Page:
That retreat was a belated recognition of two realities. The first reality is that the Tory party in the country is overwhelmingly supportive of Brexit and hostile to May and others who want to dilute it. Ministers cannot sell Chequers or any “soft Brexit” to its activists or its voters. That’s a political reality that Tory MPs will have to accommodate to survive. (Labour MPs in Leave constituencies, incidentally, will have to accommodate the same reality.)
Whichever way it goes, it will heighten the tensions of this growing crisis, and it’s not impossible that it will provoke an early election.
The second reality is that a much larger majority of Tory MPs within the party supports Leave than was previously believed. (That belief was rooted in the relative numbers of MPs who chose Leave or Remain prior to the referendum. When those choices were made, the Tory leadership was strongly Remain and almost everyone thought Remain would win. So they greatly exaggerate Remain’s strength on the Tory benches.) What is now the true picture? It’s probably the case that the House of Commons as a whole has a Remain majority, but that majority is a modest one, and it could well become a Leave majority in an acute constitutional crisis, or to defeat an opposition vote of no confidence in the government, or if the Tory whips apply strong pressure on dissenters to vote.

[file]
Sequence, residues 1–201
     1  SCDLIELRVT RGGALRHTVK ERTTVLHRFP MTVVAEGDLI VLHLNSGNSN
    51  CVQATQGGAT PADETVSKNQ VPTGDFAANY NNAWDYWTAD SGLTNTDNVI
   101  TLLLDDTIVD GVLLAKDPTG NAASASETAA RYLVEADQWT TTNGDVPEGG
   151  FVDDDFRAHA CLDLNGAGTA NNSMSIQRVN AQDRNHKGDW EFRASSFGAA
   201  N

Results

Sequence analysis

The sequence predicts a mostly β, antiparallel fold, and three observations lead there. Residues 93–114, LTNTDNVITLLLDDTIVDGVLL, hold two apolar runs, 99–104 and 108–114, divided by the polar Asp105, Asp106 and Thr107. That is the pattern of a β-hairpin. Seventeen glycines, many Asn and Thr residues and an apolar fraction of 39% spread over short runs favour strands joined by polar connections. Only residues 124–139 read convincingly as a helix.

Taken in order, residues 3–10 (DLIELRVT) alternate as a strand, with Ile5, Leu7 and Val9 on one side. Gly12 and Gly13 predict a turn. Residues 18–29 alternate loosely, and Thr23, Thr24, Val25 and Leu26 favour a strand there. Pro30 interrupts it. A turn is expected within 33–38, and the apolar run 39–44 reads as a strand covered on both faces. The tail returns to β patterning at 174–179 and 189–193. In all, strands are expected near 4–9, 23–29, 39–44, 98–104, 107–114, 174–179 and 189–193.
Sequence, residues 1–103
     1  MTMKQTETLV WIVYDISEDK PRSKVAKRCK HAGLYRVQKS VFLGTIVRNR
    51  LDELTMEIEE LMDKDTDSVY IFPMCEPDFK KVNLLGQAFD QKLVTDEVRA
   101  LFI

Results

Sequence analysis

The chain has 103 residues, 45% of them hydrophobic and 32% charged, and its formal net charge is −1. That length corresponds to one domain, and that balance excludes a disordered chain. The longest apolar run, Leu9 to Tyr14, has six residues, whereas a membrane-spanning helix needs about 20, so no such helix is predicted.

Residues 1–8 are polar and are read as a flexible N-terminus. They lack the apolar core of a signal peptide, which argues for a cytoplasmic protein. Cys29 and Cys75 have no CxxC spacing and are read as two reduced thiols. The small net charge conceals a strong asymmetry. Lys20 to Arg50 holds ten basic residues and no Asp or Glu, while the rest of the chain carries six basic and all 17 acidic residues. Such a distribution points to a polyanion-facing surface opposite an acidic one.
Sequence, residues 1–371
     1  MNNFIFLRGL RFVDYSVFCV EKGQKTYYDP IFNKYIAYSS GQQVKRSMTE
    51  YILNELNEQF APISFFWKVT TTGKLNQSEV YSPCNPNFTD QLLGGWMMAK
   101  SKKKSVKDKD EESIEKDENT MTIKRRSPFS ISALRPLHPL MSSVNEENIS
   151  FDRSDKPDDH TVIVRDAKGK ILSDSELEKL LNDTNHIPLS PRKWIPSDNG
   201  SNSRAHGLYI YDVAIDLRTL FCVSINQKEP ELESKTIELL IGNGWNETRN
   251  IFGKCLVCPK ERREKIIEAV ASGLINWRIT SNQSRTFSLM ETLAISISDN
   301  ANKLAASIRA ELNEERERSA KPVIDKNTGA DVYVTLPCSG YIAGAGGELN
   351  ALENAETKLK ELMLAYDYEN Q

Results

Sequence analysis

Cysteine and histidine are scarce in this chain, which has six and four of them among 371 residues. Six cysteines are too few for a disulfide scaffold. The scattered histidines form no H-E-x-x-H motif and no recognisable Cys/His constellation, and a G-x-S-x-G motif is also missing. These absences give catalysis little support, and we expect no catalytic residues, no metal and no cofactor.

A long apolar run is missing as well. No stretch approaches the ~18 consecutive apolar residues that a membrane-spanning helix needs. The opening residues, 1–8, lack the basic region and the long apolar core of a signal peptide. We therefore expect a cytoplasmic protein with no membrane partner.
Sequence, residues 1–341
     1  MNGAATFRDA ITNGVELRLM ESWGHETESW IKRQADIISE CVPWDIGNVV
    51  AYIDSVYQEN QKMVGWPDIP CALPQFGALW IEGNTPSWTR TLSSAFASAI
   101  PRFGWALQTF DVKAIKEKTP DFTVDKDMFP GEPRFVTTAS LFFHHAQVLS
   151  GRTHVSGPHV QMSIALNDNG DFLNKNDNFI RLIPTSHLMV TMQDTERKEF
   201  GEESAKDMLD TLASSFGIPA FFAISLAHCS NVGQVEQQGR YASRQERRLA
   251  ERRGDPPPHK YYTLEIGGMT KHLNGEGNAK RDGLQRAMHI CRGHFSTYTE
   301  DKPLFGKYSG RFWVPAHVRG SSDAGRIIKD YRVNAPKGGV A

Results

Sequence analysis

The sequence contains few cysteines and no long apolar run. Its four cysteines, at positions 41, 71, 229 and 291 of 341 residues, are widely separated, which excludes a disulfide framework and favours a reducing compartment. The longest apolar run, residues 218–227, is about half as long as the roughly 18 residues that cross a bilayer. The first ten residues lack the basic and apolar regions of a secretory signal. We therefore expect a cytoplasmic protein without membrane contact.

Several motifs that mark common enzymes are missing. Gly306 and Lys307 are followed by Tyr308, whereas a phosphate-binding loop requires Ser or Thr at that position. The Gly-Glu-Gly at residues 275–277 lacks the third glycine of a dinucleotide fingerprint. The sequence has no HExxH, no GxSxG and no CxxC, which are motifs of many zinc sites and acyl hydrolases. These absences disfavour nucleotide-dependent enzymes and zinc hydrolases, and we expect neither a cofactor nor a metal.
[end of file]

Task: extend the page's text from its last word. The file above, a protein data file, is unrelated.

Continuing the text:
Conventional wisdom on this is moving on from the view that the House has a Remain majority (and so would never pass a hard Brexit) to the view that there is now no majority in the House for any kind resolution, hard or soft, of the Brexit crisis. But when opinion is shifting, as it has been since the Chequers meeting, it’s hard to put limits on where it will end up. The fact that yesterday four Brexiteer wrecking amendments were accepted by the government and then passed by small majorities was rightly seen by Remainers as a serious defeat. It signified that if ministers could repeat this successful alliance again and again, they would be able to get a harder Brexit into law than anyone thought possible a month ago. It angered them because they could see where it might lead.
So they decided to strike back right away and inflict a defeat on the government from the opposite direction — obviously in the hope of deterring any further drift toward Brexit. This evening they have put down a motion to compel ministers to apply to rejoin the EU Customs Union if they fail to reach an agreement with the EU before Brexit. Labour has told its MPs to support the rebels. May’s government has decided to reject the amendment.
In the event, the government defeated the Remainers’ amendment on the customs union by 307 to 301 votes. Twelve Tory Remainers voted against the government, but four Labour dissidents and one independent voted with it. This is a striking victory for the Tory Brexiteers rather than for ministers, however, because it demonstrates that a policy of clean or hard Brexit has a better chance of becoming law than either the misbegotten Chequers compromise or a more Remainer approach.
A weakened Theresa May now has to calculate again on the basis that Brexit has the votes — just.
Original article here.